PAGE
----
Veterans Home Administrator, Senator open up about Legionnaires' - WGEM.com: Quincy News, Weather, Sports, and Radio

Veterans Home Administrator, Senator open up about Legionnaires' report

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Crews continue to work on water supply to make sure the water tower is working by February. Crews continue to work on water supply to make sure the water tower is working by February.
QUINCY, Ill. (WGEM) -

Officials at the Illinois Veterans Home in Quincy are opening up about a CDC report that blames lack of management for the 2015 Legionnaires' disease outbreak on campus that killed 12 veterans. 

Bruce Vacca, administrator of the home, says the CDC report was factually correct.  But he says there are no requirements by the Illinois Department of Public Health or the federal Veterans Affairs to follow up on the procedures. 

Vacca says crews are putting in new water supply systems and adding chemicals three times a day to the clean water.  He has been the home's administrator for nine years and he lives on site, but he says he never knew the water management was an issue. 

"In my career in this industry which is 35 years, I have never had an issue that came up that I couldn't fix," Vacca said. "I'm licensed in six states, I have operated in six states. I have never had a problem that I couldn't fix. I couldn't fix this, I felt helpless."

He also says replacing the aging water system wasn't a funding a issue.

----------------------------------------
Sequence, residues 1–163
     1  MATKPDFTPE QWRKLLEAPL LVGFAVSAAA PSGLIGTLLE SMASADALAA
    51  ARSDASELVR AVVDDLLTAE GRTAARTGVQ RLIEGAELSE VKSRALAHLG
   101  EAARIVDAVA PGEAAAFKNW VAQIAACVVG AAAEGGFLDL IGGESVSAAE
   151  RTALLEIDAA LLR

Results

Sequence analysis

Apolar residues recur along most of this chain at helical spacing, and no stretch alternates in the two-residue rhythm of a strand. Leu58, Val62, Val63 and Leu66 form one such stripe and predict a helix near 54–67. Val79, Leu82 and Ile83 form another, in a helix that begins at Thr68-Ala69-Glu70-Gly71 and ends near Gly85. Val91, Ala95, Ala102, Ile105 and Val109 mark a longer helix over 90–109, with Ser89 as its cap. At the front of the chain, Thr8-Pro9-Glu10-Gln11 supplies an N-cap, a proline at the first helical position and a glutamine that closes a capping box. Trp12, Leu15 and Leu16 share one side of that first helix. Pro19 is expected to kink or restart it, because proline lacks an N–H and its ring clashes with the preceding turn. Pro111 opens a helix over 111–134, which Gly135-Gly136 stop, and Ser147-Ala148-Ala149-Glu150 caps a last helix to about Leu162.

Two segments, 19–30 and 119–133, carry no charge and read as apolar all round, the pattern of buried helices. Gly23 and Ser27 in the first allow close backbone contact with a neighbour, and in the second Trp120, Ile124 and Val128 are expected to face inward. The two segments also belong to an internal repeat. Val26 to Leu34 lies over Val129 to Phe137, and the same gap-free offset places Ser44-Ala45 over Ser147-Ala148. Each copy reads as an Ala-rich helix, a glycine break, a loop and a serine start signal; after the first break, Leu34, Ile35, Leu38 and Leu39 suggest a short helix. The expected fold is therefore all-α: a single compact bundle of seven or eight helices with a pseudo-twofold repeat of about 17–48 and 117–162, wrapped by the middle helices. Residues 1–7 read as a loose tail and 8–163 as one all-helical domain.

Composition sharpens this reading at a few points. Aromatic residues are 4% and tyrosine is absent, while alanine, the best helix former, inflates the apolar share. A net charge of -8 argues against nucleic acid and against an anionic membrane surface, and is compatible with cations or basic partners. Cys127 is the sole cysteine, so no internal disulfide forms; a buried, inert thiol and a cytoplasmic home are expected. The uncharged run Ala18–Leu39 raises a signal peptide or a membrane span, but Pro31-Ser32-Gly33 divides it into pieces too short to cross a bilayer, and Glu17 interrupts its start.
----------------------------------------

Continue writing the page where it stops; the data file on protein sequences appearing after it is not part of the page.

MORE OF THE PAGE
"For this particular project, it was never an issue," Vacca said. "The issue has always been since the start is to fix the problem and let's get it going. We are here to take care of people. That's what we want to do and that was a priority with the correction process." 

Vacca says the water tower on site is being fixed, but he says it won't be in full use until February.

He says the Capital Development Board is handling the renovation project while they operate the home. 

U.S. Senator Dick Durbin (D-Illinois) also responded to the CDC report, saying the report shows highly concerning factors and policies that led to the rapid onset of the outbreak.

“I urge you to work with IVH Quincy to ensure that the CDC recommendations are implemented swiftly as well as identify ways to prevent such an outbreak in the future. Durbin said, in a letter to the director of the Illinois Department of Veterans Affairs. "IVH Quincy has an obligation to provide a high quality of care to our veterans, and as this facility is owned, operated, and managed by the State of Illinois, I urge your office to consider a plan of action to uphold this obligation at IVH Quincy and Illinois Veterans’ Homes across the State.”

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